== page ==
Chandrayaan 2 lunar lander Vikram has been located on the moon's surface and the ground station is working to establish contact, news agency ANI quoted ISRO chief K Sivan as saying today. ISRO had lost contact with Vikram, one of three components of the Chandrayaan 2 spacecraft, on Saturday morning while the lander was attempting a historic soft landing near the south pole of the moon. The lander stopped transmitting just 2.1 kilometers from the moon's surface.
"We've found the location of lander Vikram on lunar surface and orbiter has clicked a thermal image of the lander. But there is no communication yet. We are trying to have contact. It will be communicated soon," Mr. Sivan said, adding, "It must have been a hard landing".
Mr. Sivan also said it was unclear at this stage if the lander had been damaged. India had expected to make space history with the Rs. 1,000-crore Chandrayaan 2 mission. A successful soft landing on the moon's surface would have made the country only the fourth - after the United States, Russia, and China - to achieve the feat. It would also have made India the first country to complete a soft landing near the South Pole on its first attempt.
In a statement to national broadcaster Doordarshan on Saturday, Dr. Sivan had blamed faulty execution of the last stage of the operation for the loss of communication. "The last part of the operation was not executed in the right manner. It was in that phase that we lost the link with the lander, and could not establish contact subsequently," he said.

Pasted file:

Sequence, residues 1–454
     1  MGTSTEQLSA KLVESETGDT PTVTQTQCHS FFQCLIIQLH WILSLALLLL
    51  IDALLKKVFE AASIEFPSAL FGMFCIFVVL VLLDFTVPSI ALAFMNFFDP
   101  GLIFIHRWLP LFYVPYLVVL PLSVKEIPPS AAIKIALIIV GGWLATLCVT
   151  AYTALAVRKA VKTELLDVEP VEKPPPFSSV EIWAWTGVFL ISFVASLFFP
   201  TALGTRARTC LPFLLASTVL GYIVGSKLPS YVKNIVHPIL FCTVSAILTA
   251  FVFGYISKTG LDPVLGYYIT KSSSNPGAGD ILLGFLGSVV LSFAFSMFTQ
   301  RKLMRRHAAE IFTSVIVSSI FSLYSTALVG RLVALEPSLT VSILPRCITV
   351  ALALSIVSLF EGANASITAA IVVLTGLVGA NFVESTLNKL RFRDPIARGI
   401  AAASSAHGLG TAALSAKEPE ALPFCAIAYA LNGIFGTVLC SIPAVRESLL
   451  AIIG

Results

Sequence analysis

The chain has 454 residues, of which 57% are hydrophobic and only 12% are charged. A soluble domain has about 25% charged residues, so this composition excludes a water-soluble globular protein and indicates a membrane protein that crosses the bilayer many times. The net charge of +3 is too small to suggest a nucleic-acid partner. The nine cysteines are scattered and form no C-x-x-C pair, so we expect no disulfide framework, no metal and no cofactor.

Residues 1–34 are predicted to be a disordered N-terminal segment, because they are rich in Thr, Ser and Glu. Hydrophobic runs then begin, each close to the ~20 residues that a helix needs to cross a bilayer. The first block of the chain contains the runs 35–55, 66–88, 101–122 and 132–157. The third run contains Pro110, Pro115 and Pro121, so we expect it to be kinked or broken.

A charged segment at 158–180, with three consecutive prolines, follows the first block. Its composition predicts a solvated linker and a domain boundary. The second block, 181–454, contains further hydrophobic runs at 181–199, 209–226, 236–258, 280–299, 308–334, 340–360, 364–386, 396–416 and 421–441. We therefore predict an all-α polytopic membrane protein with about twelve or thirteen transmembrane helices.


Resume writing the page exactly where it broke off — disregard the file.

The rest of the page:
Vikram and lunar rover Pragyan, which is housed inside the lander, were scheduled to operate for one lunar day (equal to 14 Earth days) and carry out a series of surface and sub-surface experiments. The lunar orbiter, which is in orbit around the moon, is now expected to be operational for at least seven years and help in the understanding of the moon's evolution, mapping of its minerals and water molecules in polar regions.
Chandrayaan 2, which was launched on July 22 from Sriharikota in Andhra Pradesh, on the back of a GSLV Mark III rocket - ISRO's largest and most powerful. The mission was originally scheduled to launch on July 15 but that was aborted, with less than an hour remaining, after a technical glitch was discovered.
On August 20 the spacecraft was successfully inserted into lunar orbit and, at 1.15 pm on Monday, Vikram separated from the orbiter, entering a descending orbit around the moon.
Source Credit to NDTV